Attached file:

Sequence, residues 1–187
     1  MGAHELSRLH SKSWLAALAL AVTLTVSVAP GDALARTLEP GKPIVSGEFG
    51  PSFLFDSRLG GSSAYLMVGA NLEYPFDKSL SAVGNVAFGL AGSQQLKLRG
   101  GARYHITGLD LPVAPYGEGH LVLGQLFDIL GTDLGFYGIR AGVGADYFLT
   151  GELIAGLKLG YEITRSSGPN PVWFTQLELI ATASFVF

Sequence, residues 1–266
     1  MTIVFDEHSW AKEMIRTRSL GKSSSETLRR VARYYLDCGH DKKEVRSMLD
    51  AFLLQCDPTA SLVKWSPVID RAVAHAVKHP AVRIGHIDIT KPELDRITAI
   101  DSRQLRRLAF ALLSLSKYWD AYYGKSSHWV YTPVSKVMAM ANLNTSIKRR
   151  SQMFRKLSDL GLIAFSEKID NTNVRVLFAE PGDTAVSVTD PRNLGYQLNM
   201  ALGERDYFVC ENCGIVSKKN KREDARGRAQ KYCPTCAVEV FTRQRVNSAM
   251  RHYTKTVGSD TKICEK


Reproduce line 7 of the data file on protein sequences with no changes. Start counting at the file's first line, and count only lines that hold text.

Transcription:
     1  MTIVFDEHSW AKEMIRTRSL GKSSSETLRR VARYYLDCGH DKKEVRSMLD